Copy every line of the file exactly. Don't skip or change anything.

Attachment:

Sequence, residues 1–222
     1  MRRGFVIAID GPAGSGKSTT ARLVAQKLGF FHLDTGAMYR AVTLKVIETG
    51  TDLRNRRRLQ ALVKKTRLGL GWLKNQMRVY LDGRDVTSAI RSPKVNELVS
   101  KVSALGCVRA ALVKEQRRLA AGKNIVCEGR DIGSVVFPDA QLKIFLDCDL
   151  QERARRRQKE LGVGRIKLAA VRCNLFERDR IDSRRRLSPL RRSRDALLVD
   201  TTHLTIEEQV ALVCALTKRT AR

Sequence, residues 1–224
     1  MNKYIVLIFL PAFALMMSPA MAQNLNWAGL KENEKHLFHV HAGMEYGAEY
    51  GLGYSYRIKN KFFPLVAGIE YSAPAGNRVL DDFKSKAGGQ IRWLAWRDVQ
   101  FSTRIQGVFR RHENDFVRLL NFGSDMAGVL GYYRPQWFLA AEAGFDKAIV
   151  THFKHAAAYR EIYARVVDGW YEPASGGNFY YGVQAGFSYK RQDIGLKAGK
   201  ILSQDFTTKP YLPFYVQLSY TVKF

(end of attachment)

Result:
Sequence, residues 1–222
     1  MRRGFVIAID GPAGSGKSTT ARLVAQKLGF FHLDTGAMYR AVTLKVIETG
    51  TDLRNRRRLQ ALVKKTRLGL GWLKNQMRVY LDGRDVTSAI RSPKVNELVS
   101  KVSALGCVRA ALVKEQRRLA AGKNIVCEGR DIGSVVFPDA QLKIFLDCDL
   151  QERARRRQKE LGVGRIKLAA VRCNLFERDR IDSRRRLSPL RRSRDALLVD
   201  TTHLTIEEQV ALVCALTKRT AR

Sequence, residues 1–224
     1  MNKYIVLIFL PAFALMMSPA MAQNLNWAGL KENEKHLFHV HAGMEYGAEY
    51  GLGYSYRIKN KFFPLVAGIE YSAPAGNRVL DDFKSKAGGQ IRWLAWRDVQ
   101  FSTRIQGVFR RHENDFVRLL NFGSDMAGVL GYYRPQWFLA AEAGFDKAIV
   151  THFKHAAAYR EIYARVVDGW YEPASGGNFY YGVQAGFSYK RQDIGLKAGK
   201  ILSQDFTTKP YLPFYVQLSY TVKF